John Truby is the founder and director of Truby's Writers Studio. Over the past thirty years, he has taught more than fifty thousand students worldwide, including novelists, screenwriters, and TV writers. Together, these writers have generated more than fifteen billion dollars at the box office. Truby has an ongoing program where he works with students who are actively creating shows, movies, and novel series. He regularly applies his genre techniques in story consulting work with major studios including Disney, Sony Pictures, Fox, HBO, the BBC, Canal Plus, Globo, and AMC. He lives in Los Angeles with his wife, Leslie, and their two cats, Tink and Peanut.
Though they could not be more different in tone and approach, these two screenwriting manuals share a similar goal: to break up the formulaic screenwriting process and make it less mechanical. Though both finally end up replacing a set of rules and constructs with their own formulas, however distinctive, both are valuable tools for would-be screenwriters. A working screenwriter and author of the popular Save the Cat! screenwriting guide, Snyder teaches screenwriting by closely parsing screenplays that have been successful in the past. He argues that there are only ten stories out there and that every movie is a variation on one of them. If his light, fun style occasionally veers too far into jokey, palsy hipsterdom, Snyder can be forgiven because the tone does the heavy lifting of deconstructing complex story arcs. One of the leading story consultants and script doctors working in Hollywood, Truby presents a much denser and more theoretical and comprehensive take. While Snyder focuses on structure and pacing, Truby attempts to inform the entire story, addressing plot, character, tone, symbolism, and dialog. The key here is to grow a script organically rather than force the story into preexisting mechanics. Despite its heavy nature, Truby's book retains a practical edge through the exercises that close each chapter. Although neither book should be considered a replacement for Syd Field's classic Screenplay: The Foundations of Screenwriting, both are worthwhile additions to collections that feature writing advice and how-to guides. Both are recommended for large public libraries; The Anatomy of Story is highly recommended for academic libraries as well.-Christian Zabriskie, Queens P.L., NY Copyright 2007 Reed Business Information.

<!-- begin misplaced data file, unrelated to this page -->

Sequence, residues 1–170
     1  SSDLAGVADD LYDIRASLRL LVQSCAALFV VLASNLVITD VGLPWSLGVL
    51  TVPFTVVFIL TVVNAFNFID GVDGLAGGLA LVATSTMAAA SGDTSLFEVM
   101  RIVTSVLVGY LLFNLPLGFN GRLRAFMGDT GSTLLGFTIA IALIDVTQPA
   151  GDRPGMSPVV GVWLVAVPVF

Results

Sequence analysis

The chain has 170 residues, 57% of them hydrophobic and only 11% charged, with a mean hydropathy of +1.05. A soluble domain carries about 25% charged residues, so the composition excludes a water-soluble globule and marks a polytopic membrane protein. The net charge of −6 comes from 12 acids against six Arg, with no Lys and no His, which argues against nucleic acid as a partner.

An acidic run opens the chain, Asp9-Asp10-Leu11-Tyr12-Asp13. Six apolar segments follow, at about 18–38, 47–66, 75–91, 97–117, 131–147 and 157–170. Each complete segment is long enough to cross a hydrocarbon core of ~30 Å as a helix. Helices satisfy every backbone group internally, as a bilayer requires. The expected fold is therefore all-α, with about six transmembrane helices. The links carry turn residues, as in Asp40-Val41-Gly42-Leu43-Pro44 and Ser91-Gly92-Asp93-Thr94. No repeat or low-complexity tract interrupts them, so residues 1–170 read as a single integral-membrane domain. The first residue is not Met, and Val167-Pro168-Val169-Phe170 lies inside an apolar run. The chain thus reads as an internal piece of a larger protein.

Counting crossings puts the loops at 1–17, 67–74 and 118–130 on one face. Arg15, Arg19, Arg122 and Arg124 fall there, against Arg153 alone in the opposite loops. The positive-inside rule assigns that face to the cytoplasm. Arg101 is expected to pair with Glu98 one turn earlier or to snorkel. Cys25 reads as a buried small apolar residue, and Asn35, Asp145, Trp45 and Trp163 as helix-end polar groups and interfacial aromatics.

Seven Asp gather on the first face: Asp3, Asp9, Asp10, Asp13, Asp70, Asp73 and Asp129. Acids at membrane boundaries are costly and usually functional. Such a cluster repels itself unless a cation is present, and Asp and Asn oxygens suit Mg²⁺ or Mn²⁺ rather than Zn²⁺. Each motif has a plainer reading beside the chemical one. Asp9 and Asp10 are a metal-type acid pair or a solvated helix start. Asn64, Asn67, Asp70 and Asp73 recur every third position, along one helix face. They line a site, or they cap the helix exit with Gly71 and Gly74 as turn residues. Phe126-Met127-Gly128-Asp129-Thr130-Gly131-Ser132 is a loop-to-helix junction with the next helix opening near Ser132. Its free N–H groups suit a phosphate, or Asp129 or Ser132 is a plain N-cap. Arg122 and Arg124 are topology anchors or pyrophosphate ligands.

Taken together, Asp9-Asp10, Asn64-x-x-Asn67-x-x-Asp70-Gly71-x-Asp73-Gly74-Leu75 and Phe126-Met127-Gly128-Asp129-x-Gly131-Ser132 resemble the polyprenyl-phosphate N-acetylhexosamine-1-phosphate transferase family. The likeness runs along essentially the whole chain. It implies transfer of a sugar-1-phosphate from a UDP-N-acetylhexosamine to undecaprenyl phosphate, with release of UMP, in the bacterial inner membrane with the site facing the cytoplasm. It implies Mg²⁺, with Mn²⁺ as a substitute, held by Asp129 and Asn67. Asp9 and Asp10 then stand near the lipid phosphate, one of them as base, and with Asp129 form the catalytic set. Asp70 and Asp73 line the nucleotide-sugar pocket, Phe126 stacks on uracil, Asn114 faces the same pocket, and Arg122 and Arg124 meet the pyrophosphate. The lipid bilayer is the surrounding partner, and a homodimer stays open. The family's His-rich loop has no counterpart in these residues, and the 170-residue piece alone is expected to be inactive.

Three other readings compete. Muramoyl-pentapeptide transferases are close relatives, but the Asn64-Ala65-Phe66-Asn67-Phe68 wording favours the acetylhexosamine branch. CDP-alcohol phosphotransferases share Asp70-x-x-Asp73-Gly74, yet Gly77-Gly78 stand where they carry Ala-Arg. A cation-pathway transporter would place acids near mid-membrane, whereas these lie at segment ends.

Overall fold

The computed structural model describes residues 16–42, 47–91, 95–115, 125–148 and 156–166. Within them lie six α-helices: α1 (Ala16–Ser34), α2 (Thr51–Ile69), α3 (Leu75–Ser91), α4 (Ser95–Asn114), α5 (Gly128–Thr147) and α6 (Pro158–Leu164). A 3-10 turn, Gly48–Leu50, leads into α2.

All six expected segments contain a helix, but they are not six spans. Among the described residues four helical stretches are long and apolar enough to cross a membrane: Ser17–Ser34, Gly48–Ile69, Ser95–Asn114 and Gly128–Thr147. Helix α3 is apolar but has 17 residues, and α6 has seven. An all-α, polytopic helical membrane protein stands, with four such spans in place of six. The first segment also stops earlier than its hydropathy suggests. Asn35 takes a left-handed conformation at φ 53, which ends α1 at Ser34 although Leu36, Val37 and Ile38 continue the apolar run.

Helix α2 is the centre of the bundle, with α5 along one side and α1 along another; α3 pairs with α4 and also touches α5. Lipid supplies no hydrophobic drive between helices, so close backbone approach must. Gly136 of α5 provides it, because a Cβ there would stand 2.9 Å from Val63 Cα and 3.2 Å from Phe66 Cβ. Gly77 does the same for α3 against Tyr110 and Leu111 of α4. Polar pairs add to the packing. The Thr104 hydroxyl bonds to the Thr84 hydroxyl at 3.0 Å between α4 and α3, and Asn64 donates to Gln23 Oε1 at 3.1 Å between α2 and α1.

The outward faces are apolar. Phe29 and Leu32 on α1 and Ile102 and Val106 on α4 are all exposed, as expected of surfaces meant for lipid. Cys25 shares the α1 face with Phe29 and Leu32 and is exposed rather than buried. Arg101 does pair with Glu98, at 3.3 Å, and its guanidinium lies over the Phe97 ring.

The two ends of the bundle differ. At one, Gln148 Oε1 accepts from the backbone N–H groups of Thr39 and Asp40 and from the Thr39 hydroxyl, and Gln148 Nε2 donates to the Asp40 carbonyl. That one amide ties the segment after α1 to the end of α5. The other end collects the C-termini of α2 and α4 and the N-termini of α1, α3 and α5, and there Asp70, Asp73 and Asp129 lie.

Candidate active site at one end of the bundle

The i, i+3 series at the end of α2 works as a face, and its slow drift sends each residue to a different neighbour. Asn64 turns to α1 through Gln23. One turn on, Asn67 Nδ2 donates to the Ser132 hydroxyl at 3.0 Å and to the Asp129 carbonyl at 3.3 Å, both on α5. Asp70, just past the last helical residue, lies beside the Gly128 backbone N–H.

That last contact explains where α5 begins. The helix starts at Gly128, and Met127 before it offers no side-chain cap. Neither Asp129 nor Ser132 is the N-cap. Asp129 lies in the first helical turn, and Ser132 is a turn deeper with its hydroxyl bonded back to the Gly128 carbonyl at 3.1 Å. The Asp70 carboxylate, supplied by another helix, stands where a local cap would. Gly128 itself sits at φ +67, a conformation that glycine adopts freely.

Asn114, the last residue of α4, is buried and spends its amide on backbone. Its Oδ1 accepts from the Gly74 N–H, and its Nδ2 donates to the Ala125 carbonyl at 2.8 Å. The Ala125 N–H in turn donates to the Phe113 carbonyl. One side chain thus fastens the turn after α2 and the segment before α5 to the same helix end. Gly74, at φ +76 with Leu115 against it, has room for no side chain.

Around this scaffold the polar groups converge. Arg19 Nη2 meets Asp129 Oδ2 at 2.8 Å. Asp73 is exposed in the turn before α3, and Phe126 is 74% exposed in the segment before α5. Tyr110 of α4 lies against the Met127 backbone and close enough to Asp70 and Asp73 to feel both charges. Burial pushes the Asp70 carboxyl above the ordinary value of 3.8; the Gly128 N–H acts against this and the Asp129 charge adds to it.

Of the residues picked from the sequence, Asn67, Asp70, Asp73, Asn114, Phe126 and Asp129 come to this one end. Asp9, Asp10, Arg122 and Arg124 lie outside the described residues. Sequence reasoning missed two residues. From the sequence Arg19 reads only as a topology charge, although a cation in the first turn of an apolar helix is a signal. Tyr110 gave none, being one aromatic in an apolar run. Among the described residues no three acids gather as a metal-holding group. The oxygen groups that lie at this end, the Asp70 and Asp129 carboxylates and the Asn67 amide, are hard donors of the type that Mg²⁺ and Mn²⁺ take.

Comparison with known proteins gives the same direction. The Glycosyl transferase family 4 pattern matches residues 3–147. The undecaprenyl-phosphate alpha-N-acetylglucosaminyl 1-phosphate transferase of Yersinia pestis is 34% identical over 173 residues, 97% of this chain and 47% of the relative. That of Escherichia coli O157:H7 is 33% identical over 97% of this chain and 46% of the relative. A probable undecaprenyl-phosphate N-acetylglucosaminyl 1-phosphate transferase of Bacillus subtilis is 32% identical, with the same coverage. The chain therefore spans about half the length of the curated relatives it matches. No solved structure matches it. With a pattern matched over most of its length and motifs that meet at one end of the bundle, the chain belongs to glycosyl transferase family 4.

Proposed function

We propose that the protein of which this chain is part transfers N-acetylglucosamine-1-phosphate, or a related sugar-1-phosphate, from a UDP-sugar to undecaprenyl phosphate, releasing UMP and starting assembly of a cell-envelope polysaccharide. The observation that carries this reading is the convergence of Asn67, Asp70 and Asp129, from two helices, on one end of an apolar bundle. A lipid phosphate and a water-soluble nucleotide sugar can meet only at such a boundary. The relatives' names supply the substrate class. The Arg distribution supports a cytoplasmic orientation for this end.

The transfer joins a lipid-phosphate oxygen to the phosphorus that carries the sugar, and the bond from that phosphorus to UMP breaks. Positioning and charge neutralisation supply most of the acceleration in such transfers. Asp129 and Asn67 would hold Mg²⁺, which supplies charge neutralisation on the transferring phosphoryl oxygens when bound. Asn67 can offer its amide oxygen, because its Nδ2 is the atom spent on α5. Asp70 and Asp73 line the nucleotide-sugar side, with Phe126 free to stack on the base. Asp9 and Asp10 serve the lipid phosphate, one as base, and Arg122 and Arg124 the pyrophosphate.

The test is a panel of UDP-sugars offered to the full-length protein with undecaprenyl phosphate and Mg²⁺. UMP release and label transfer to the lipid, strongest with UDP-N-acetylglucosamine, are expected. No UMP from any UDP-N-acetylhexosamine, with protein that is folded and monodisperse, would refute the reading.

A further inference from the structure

"Truby attempts to inform the entire story, addressing plot, character, tone, symbolism, and dialog. The key here is to grow a script organically rather than force the story into preexisting mechanics . . . Highly recommended." --Library Journal "A comprehensive guide to writing stories of all kinds, Truby's tome is invaluable to any writer looking to put an idea to paper." --Booklist "The Anatomy Of Story is concrete and practical without resorting to simplistic 'Three Act Structure' screenwriting cliches. It will be an indispensable guide to writing your first great script. Then, the perfect survival manual to help you negotiate the often confusing, contradictory and cutthroat world of professional screenwriting." --Larry Wilson, co-writer /co-producer of BEETLEJUICE and co-writer of THE ADDAMS FAMILY "A veritable bible for screenwriters." --Backstage "If you're ready to graduate from the boy-meets-girl league of screenwriting, meet John Truby . . . [His lessons draw] epiphanies that make you see the contours of your psyche as sharply as your script." --LA Weekly